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Militia leader sentenced

Posted: January 8, 2013 - 10:52pm
FILE - In this March 22, 2011, file photo, Schaeffer Cox speaks with his attorney, Robert John, during an arraignment hearing at a courthouse in Fairbanks, Alaska.  Cox, the leader of an Alaska militia convicted of conspiring to murder federal officials, will spend nearly 26 years in a federal prison after he began amassing weapons in a plot to kill federal officials.  He was sentenced Tuesday, Jan. 8, 2013 in U.S. District Court on nine felony counts, including conspiracy and possessing illegal weapons.  (AP Photo/Fairbanks Daily News-Miner, Sam Harrel, File)  AP
AP
FILE - In this March 22, 2011, file photo, Schaeffer Cox speaks with his attorney, Robert John, during an arraignment hearing at a courthouse in Fairbanks, Alaska. Cox, the leader of an Alaska militia convicted of conspiring to murder federal officials, will spend nearly 26 years in a federal prison after he began amassing weapons in a plot to kill federal officials. He was sentenced Tuesday, Jan. 8, 2013 in U.S. District Court on nine felony counts, including conspiracy and possessing illegal weapons. (AP Photo/Fairbanks Daily News-Miner, Sam Harrel, File)

ANCHORAGE — The leader of a self-described militia group was sentenced Tuesday to serve nearly 26 years in prison following his conviction on nine felonies, including conspiring to murder public officials.

U.S. District Judge Robert Bryan sentenced Schaeffer Cox, 28, during a two-hour hearing at U.S. District Court in Anchorage.

Cox’s sentence came a day after another foot soldier in the Alaska Peacekeepers Militia, 57-year-old Lonnie Vernon, received the same sentence.

Before he was sentenced, Cox broke down several times, grabbing tissues and fighting back tears.

“I put myself here, with my own words,” he said before pausing. “And I feel horrible about that.”

Cox came to the attention of the FBI in late 2009 after speeches in Montana that claimed the Fairbanks militia had 3,500 members and was armed with mines and other military weapons. But the group only had about a dozen members and, as Bryan noted, never trained for military duty.

As the investigation unfolded over more than a year, the FBI eventually used an informant to infiltrate the group. He recorded more than 100 hours of conversations.

Cox’s attorney Nelson Traverso claimed during the trial that the case was an overreach by prosecutors and an attempt to silence Cox and his offensive but protected speech.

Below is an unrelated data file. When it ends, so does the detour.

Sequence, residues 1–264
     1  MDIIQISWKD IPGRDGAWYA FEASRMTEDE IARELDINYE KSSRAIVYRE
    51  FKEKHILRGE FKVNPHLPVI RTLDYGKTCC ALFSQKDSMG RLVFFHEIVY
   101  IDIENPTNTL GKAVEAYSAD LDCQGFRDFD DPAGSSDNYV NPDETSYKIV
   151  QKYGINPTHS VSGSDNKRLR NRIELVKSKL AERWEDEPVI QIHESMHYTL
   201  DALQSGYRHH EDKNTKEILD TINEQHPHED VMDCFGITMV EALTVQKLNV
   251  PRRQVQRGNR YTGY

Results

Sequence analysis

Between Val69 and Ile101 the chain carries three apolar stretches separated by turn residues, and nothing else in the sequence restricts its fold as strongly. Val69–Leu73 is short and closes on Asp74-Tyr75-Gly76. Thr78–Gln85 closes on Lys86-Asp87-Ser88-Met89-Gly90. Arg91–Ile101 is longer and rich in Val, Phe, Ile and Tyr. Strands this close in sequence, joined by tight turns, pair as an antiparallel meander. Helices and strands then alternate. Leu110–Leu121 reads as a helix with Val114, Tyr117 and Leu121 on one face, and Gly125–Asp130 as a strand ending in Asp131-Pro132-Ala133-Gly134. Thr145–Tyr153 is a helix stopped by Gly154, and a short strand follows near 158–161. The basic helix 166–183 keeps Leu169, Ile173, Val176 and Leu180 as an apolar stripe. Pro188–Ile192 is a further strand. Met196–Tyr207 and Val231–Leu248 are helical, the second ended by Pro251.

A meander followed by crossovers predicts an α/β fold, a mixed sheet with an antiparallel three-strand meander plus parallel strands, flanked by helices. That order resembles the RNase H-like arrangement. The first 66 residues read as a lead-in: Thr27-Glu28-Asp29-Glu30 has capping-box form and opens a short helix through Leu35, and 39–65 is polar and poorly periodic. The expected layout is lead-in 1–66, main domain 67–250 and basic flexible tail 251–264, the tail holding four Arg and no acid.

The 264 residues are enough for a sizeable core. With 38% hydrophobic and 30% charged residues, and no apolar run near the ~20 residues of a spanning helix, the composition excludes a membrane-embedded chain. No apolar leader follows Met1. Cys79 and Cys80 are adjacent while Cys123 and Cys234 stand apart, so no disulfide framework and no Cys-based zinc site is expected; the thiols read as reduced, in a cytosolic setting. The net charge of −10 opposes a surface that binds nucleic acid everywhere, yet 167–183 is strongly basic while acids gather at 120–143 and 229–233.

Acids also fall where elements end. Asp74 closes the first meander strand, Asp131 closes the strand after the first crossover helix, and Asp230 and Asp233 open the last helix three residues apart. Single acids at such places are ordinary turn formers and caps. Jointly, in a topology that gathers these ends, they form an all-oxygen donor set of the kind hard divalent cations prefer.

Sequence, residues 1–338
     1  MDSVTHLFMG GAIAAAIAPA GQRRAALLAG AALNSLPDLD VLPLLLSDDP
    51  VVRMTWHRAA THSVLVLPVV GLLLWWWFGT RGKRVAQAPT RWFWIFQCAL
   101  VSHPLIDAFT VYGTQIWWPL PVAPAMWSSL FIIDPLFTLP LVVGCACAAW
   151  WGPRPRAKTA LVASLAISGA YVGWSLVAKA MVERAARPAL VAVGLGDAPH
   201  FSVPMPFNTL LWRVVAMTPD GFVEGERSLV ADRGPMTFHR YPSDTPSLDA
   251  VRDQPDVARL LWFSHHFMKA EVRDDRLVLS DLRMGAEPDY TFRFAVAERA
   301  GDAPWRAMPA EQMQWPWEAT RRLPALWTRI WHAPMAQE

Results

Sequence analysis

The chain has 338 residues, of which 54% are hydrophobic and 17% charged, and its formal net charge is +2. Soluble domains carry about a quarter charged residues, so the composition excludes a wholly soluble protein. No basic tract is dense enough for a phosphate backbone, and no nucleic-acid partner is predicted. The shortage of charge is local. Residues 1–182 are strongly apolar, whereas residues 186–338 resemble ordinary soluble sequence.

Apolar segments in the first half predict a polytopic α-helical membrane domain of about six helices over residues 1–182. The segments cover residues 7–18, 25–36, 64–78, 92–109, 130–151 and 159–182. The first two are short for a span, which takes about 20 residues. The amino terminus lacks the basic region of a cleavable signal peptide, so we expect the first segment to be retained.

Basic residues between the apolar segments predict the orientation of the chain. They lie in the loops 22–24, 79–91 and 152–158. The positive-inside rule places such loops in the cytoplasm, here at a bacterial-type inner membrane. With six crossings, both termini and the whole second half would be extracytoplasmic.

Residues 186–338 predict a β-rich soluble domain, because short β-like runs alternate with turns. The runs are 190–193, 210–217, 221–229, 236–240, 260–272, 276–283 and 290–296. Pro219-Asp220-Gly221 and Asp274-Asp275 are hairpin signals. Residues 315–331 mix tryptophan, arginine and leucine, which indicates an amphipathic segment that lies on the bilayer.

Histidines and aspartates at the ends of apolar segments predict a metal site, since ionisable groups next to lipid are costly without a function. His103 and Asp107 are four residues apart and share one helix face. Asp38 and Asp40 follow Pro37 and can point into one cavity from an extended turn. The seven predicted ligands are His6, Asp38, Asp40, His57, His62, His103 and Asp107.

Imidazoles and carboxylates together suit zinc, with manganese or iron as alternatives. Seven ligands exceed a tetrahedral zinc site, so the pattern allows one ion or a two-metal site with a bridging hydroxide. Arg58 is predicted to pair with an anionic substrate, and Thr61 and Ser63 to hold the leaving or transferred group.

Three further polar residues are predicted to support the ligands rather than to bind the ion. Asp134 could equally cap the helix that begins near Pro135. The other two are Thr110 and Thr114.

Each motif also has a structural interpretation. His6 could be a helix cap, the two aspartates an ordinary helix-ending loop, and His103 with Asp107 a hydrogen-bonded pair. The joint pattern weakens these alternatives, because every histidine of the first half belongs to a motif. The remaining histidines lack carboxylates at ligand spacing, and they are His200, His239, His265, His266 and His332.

Cox once told a state judge some militia members would sooner murder her than appear before her, and told an Alaska State Trooper the militia had officers outgunned.

Assistant U.S. Attorney Steven Skrocki said that Cox eventually crossed the line separating offhand comments about killing someone to formulation of plans to do so.

Prosecutors said the group hatched a “2-for-1” plan — killing two law enforcement officials for every militia member killed — an idea another convicted member, Coleman Barney, acknowledged at his trial was discussed twice but never put into play. Group members also amassed silencers and grenades.

A psychological exam ordered by Cox’s new attorney, Peter Camiel of Seattle, after he was convicted showed Cox suffered from several paranoid disorders.

“I put a lot of people in fear by the things that I said,” Cox told the court Tuesday. “Some of the crazy stuff that was coming out of my mouth, I see that, and I sounded horrible.

“I couldn’t have sounded any worse if I tried,” he said. “The more scared I got, the crazier the stuff. I wasn’t thinking, I was panicking.”

The government sought a sentence of 35 years, while Camiel was seeking a much shorter sentence and to allow Cox’s mental condition to be treated with drugs and counseling.

At the end of the trial in June, Bryan said he wrote down observations about Cox, which included: paranoia, grandiosity, narcissism, egocentricity and pathological lying.

He said the paranoia diagnosis from the defense’s psychological exam may supply some reasons for some of Cox’s actions, “but it does not provide excuses.”

And if it is a true diagnosis, Bryan said he will need long-term care to treat it, something the judge said he wasn’t sure Cox would get outside jail.

Bryan also noted Cox was never so ill he didn’t have followers.

Vernon was charged with conspiring to kill public officials, amassing weapons and, along with his wife, of planning to kill a federal judge and an Internal Revenue Service official over a tax dispute.

Karen Vernon was sentenced to 12 years in prison on Monday.

Barney was sentenced last year to five years in prison on weapons charges.

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